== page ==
This is a setting of Dorothy Sayers’ poem, “Christ the Companion.” The fabulous and redoubtable soprano, Alyssa Toepfer, sang it a few weeks ago at St. Paul’s on a Sunday morning. I originally wrote this piece for my friend, Donna Harler Smith.


WHEN I’ve thrown my books aside, being petulant and weary,

And have turned down the gas, and the firelight has sufficed,

When my brain’s too stiff for prayer, and too indolent for theory,

Will You come and play with me, big Brother Christ?

Will You slip behind the book-case? Will you stir the window-curtain,
Peeping from the shadow with Your eyes like flame?
Set me staring at the alcove where the flicker’s so uncertain,
Then suddenly, at my elbow, leap up, catch me, call my name?

Or take the great arm-chair, help me set the chestnuts roasting,
And tell me quiet stories, while the brown skins pop,
Of wayfarers and merchantmen and tramp of Roman hosting,
And how Joseph dwelt with Mary in the carpenter’s shop?

When I drift away in dozing, will You softly light the candles
And touch the piano with Your kind, strong fingers,
Set stern fugues of Bach and stately themes of Handel’s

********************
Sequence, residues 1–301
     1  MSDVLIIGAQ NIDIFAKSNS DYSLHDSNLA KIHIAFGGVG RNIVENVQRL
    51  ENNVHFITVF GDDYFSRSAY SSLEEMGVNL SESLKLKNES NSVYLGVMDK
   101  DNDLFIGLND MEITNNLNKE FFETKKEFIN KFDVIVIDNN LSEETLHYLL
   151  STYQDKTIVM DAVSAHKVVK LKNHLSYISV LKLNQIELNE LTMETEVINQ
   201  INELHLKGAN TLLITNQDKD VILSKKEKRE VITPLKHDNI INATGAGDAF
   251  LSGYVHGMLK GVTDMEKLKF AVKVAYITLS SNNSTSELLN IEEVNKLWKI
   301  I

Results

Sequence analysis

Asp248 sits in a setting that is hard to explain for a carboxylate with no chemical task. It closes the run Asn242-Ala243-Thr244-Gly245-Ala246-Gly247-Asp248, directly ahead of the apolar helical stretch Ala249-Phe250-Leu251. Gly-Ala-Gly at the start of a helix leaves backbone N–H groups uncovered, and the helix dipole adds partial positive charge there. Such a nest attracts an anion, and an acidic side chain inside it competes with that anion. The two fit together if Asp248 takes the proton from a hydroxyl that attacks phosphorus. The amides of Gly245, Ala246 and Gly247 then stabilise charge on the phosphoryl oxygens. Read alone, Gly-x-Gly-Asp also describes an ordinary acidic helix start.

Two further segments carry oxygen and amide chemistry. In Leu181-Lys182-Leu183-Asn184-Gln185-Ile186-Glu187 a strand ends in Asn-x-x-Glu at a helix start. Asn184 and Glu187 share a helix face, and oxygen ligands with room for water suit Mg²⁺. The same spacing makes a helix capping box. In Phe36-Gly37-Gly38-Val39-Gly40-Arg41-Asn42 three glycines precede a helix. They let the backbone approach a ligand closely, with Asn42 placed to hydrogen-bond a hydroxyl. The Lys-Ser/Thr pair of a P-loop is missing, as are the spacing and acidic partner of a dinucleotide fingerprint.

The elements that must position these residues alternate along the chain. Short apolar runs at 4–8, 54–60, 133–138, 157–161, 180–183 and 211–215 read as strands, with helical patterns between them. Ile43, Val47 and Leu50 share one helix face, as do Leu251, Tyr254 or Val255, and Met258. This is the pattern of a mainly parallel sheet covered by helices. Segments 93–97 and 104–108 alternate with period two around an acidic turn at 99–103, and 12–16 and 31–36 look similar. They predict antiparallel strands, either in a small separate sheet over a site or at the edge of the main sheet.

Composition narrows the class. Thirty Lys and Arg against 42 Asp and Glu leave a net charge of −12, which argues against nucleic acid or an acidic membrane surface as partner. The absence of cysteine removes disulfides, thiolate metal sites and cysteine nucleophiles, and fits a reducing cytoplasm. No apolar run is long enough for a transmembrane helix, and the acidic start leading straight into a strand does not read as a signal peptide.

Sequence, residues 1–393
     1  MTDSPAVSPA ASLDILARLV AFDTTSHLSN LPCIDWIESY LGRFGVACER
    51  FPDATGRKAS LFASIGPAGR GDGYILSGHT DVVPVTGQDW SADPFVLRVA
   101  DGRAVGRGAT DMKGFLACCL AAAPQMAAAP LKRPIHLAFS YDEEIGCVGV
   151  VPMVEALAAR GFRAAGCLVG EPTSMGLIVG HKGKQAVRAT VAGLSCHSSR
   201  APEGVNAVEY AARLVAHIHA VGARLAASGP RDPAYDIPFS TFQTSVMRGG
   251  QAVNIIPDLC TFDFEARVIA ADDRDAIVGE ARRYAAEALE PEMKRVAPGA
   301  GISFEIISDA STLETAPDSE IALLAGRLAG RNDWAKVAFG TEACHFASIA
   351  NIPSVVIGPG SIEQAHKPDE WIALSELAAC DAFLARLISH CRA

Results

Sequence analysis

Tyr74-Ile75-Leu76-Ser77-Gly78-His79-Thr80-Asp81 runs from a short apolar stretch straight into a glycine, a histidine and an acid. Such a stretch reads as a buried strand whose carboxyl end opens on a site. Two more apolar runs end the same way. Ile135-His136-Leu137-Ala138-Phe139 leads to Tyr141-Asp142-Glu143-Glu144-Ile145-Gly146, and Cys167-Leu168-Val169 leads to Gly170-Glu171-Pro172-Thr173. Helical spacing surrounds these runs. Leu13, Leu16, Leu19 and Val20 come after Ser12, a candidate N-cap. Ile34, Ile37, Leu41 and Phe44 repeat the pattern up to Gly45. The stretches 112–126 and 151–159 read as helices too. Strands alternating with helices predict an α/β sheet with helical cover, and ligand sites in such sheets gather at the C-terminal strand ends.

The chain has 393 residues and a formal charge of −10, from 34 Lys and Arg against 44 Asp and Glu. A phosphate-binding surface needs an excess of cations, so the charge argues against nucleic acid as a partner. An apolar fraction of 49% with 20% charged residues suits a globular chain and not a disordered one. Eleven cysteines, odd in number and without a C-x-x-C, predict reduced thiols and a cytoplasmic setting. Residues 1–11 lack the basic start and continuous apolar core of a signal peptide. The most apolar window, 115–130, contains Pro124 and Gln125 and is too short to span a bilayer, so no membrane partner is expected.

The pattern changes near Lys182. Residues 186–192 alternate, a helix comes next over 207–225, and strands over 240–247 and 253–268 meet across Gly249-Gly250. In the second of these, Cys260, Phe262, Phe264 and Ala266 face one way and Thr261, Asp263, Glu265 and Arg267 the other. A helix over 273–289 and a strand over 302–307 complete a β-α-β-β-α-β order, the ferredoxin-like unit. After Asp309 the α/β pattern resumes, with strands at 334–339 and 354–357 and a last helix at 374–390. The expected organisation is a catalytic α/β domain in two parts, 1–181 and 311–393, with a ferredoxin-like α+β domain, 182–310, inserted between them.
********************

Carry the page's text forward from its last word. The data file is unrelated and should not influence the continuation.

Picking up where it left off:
Stalking through the corners where the last disquiet lingers?

And when we say good-night, and You kiss me on the landing,
Will You promise faithfully and make a solemn tryst:
You’ll be just at hand if wanted, close by here where we are standing,
And be down in time for breakfast, big Brother Christ?

There is something about the Christian claim of the Incarnation that always borders on the offensive. The idea that the Incarnation “goes all the way down to the bottom” of our humanity is crazy and beautiful. The idea is scandalous and ancient. It’s one of the oldest watchwords of the faith: God became human so that humans could become God. If that’s true, it means that all of our eccentric peculiarities and foibles are getting picked up and restored. Nothing is lost. Everything gets restored or “recapitulated” (to use a term favored by musicians and the early church) in the end. Our pain. Our laziness. Our sexuality. Our chestnuts and piano playing.

Dorothy Sayers asks us to confront that in a way that is a little scandalous and a little terrifying in its humanity and particularity. You can peruse the score and buy a copy here. Christ the Companion | Kurt Knecht | MusicSpoke.